This international financial services company operates a network of 1,269 stores - 511 in Canada alone -- and generates over $320M in annual sales. Dollar Financial specializes in serving under-banked customers. Dollar is making a name for itself as a low-end disruptor, to borrow from Clayton Christensen's seminal 1997 book, The Innovator's Dilemma. Low-end disruptors seize markets that incumbents choose not to pursue. Because working class individuals need to cash checks, get loans, and wire money just like anybody else, DLLR is capitalizing on customers behemoth firms like Bank of America (BAC) and Citigroup (C) deem too unworthy to target.
Low-end disruption occurs when the rate at which products improve exceeds the rate at which customers can adopt the new performance. Therefore, at some point the performance of the product overshoots the needs of certain customer segments. At this point, a disruptive technology may enter the market and provide a product which has lower performance than the incumbent but which exceeds the requirements of certain segments, thereby capturing a market. And because the disruptor is focused on serving the least profitable customer -- satiated by a good enough product -- competition is scarce. The target customer is practical and in pursuit of pure functionality -- he or she will not pay up, initially, for enhanced services. However, once the disruptor has "locked" a customer segment, it seeks to improve its profit margin through innovation and up-selling. If the incumbent never returns to the market it initially ignored, the disruptor literally has a gold mine all unto itself.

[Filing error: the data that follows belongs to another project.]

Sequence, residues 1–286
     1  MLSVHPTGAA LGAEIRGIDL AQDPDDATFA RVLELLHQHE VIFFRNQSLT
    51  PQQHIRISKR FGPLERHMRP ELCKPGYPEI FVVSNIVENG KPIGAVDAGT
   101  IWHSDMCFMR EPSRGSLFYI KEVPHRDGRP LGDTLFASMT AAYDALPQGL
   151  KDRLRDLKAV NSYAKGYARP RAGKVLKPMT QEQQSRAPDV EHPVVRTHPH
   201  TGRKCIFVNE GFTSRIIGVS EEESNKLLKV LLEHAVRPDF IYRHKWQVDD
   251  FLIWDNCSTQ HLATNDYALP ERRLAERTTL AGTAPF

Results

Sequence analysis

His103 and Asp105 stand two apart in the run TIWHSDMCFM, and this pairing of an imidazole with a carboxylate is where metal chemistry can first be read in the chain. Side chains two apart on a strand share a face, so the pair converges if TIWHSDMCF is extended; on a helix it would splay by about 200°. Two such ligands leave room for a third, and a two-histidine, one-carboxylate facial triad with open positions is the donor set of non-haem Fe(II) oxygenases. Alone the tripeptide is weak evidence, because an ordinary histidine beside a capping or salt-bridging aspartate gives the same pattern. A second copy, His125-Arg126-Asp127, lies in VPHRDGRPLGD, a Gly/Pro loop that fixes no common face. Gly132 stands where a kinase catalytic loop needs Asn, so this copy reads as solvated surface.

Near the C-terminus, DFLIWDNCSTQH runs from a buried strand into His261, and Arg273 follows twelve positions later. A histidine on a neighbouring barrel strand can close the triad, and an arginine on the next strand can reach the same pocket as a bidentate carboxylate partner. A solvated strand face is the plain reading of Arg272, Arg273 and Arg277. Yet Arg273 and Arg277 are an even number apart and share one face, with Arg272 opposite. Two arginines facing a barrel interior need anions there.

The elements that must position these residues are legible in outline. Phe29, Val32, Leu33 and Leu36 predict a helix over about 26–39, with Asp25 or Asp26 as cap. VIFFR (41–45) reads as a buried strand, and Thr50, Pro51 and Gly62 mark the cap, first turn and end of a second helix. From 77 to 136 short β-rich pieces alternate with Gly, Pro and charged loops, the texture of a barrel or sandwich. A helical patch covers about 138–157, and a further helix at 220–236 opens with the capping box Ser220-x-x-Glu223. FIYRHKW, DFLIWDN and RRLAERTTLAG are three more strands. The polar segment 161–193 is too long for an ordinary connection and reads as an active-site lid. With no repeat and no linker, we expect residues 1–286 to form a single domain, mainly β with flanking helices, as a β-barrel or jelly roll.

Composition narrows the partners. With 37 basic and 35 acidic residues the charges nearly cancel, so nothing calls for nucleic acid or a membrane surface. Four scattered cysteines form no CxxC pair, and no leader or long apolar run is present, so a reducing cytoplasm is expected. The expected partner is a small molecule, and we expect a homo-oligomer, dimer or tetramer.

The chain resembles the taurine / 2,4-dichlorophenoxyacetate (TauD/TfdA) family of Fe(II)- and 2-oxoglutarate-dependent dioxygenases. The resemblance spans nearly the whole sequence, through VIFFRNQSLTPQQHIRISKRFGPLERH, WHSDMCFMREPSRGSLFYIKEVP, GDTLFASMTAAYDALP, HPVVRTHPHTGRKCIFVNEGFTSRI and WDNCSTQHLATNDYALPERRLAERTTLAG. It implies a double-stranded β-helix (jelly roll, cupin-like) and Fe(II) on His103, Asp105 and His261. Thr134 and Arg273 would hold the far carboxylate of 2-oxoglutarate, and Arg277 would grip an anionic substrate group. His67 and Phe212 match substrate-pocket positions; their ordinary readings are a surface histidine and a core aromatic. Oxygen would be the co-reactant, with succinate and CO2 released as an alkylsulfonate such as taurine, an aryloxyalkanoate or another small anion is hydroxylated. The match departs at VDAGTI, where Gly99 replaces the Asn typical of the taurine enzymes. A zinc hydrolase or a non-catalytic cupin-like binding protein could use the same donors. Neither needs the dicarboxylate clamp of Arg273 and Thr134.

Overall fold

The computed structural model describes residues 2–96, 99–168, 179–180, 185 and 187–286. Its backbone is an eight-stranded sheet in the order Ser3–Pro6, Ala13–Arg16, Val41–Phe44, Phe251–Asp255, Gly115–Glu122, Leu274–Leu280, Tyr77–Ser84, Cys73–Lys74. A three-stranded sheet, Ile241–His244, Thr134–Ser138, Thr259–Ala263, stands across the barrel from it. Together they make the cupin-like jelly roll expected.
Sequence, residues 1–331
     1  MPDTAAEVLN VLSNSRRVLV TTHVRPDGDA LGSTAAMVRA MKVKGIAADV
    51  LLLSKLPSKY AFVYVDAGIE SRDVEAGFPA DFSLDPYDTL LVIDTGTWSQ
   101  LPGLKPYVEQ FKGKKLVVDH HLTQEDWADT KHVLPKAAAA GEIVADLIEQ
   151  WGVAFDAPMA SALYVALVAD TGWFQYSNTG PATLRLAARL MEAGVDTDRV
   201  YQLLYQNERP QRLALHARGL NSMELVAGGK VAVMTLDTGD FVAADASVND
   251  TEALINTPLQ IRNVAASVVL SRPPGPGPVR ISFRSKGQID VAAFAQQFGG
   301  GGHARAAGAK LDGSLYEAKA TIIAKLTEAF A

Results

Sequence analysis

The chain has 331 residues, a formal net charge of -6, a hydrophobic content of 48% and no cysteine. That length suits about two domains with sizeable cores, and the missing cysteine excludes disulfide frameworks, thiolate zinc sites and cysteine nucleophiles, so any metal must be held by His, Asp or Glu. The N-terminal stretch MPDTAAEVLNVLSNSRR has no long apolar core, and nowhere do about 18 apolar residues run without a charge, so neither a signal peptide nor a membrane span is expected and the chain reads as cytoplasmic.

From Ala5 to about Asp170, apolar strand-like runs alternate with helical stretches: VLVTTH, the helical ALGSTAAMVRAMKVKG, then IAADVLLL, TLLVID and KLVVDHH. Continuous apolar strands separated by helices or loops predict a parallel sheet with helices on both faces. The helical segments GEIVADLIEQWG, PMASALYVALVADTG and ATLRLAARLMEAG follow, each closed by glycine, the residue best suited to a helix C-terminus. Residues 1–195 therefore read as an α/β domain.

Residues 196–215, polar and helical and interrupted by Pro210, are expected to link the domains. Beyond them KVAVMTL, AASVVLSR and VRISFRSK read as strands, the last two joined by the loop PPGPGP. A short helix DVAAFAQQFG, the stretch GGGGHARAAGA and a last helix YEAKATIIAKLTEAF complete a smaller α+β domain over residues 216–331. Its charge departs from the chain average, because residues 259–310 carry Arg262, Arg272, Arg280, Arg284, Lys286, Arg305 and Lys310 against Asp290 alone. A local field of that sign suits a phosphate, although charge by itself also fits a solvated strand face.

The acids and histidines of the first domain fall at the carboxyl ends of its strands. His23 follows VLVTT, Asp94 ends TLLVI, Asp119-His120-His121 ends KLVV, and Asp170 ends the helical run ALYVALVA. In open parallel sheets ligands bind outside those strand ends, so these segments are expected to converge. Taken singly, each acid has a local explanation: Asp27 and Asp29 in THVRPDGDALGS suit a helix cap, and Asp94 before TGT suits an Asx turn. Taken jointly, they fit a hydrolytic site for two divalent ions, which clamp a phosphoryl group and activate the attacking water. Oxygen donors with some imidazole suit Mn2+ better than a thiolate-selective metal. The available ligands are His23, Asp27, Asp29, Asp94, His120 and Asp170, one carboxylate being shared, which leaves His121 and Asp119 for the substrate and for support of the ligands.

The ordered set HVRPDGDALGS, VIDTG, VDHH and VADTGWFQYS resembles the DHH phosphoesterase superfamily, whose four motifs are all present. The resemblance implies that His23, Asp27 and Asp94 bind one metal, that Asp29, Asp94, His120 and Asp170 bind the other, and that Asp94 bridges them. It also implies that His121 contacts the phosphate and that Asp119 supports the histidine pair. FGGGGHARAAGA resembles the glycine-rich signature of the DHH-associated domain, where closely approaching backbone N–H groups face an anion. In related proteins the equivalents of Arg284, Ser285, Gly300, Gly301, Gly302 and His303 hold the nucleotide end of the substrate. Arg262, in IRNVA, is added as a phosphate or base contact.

This is the sort of environment in which Dollar Financial operates. With time, the market will recognize this fact and juice shares.
We think that although Dollar Financial needs improvement on the profitability side of things, the company is briskly expanding and could be a much larger player in the years to come. We look favorably upon strong insider ownership; additionally, we like how the firm just came off a secondary offering, which should simultaneously reduce debt, increase book value, and give the firm a better valuation in the marketplace. We think the stock has gotten a depressed valuation because the firm is highly leveraged (4.4 debt/equity ratio vs. rival Ace Cash's [AACE] .47).
Nevertheless, as Dollar Financial diversifies it businesses -- and refinances its debt to more favorable terms in the second half of '06 -- we think the stock could see more upside. We apply a higher than normal EV/EBIT (enterprise value to operating income) multiple than the Street is using and see shares hitting $25 by the end of the year, representing a 25% move from Thursday's closing price.
DLLR 1-yr chart: